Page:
Odd Life

Aaron George
So, how did it come to this? I’m almost thirty, I’m drunk, and I’m sitting in a bar surrounded by people who don’t know what third wave ska was and why it was important. Everywhere I look is fashion I don't quite get, hairstyles that remind me of previous decades, a dank bar with Christmas lights, a tiny place packed to the windows with people I don’t know.

My friend and I stand there in the middle of this place, no room to sit, no room to walk, a pool table stands in the middle of the room like an island, cues like long palm trees that jab people in the back and spill their drinks, apologies are a constant.

In the air a nearly silent hum of a song plays, sounds like a woman singing, but you can’t really hear it over the sounds of bottles clanking and the multi-pitched static of people talking, dropping names, taking pictures that will end up on facebook with witty captions. My beer is almost empty, but a clear path to the bar is nonexistent.

My friend, probably noticing my discomfort, asks me if I want to go out back and smoke. I don’t, I want to light up right where I am, but I take what I can get and follow him as he magically carves a path through this corn maze of art school students and bohemians. Behind the building is like a toilet.

I sit and smoke as my friend talks to someone he knows. I hear them talking, they’re discussing music and my interest sparks. I stand to join the talking. My home. Familiar faces. Music. I am warm now, warm and drunk and life is okay.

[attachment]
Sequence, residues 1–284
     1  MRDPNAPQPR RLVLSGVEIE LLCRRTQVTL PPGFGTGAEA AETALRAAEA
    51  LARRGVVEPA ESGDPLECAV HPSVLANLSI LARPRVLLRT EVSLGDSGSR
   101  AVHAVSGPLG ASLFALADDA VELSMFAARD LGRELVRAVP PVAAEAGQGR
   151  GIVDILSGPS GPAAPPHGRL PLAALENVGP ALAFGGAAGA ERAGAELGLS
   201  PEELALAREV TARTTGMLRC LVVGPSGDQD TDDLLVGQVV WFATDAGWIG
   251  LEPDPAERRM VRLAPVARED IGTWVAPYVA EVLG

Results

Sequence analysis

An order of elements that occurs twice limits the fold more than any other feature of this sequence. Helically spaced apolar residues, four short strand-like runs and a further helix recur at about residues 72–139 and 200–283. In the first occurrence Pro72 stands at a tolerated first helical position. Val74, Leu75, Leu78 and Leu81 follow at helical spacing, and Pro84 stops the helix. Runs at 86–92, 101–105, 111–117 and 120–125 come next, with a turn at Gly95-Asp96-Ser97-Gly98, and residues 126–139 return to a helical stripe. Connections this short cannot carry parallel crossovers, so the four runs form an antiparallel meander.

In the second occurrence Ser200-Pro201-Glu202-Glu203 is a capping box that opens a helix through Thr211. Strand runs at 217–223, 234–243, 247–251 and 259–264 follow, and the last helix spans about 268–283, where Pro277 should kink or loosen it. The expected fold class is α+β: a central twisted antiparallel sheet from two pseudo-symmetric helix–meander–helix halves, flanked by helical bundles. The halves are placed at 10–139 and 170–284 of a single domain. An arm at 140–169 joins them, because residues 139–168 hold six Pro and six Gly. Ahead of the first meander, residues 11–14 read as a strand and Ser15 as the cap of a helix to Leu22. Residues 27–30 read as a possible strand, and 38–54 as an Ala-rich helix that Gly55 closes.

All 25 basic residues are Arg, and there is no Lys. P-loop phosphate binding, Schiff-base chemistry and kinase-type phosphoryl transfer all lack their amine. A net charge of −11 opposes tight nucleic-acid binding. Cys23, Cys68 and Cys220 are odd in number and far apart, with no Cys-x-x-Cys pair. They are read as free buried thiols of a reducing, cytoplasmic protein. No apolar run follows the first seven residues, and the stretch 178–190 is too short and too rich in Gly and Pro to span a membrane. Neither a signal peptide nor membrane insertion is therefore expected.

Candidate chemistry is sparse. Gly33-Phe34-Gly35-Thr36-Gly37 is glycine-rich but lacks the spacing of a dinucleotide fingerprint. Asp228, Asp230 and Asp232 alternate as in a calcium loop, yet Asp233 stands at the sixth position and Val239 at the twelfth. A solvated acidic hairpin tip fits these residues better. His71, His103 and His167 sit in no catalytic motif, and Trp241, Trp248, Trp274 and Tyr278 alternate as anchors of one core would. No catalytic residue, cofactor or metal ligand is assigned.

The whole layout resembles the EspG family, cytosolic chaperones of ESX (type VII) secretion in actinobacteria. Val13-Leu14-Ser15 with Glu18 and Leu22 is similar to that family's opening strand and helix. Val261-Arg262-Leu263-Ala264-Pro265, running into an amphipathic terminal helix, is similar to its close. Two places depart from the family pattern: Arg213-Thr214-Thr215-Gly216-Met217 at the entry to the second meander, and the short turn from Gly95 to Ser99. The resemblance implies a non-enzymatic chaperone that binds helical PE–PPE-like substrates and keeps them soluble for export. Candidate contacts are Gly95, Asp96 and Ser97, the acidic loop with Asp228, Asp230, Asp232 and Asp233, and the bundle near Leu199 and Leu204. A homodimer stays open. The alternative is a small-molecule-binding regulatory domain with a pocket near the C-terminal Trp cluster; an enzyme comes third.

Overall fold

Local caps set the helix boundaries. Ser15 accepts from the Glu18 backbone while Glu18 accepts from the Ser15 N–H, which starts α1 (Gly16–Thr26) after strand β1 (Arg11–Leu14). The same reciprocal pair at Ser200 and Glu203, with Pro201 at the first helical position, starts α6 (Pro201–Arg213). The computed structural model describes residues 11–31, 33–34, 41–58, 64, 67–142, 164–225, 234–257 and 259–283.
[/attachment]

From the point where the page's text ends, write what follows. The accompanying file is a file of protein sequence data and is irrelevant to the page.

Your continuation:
Soon the discussion devolves into a show of peacock feathers. Band names like the raised hair of a beast fire from my friend and his friends mouths. Obscure bands with names that make no sense but have a catchy ring to them. Bands that sound intriguing but in reality are little more than sharp teeth for music lovers to show when they feel threatened.

“Oh god, I love xxxx xxxxx. Have you ever heard xxx? they sound a lot like xxxxx.”

I sit back down, the war rages on above my head.

Music rages on above my head. It’s been so long since a song has given me chills. Since the sounds people make with taught metal wire, sticks and wooden cylinders, and strained vocal chords has cracked my head open and played around with the way I think. It’s been long enough that I’m not even sure it’s possible anymore.

Back at the bar that night I understand that music is still my friend, it will be with me until I die to hear my concerns, comfort me, go out and get a beer every now and then and talk about nothing or anything. Music will always be my family. But, for now, it’s going to spend most of its nights with people whose chests are still heaving and skin is still spiked with vibrations. It’s nothing personal. It’s not me, it’s music. We can still hang out and stuff...Only now we will have to keep it to just friends.

“The downtown club scene ain't nothin’ like it used to be.”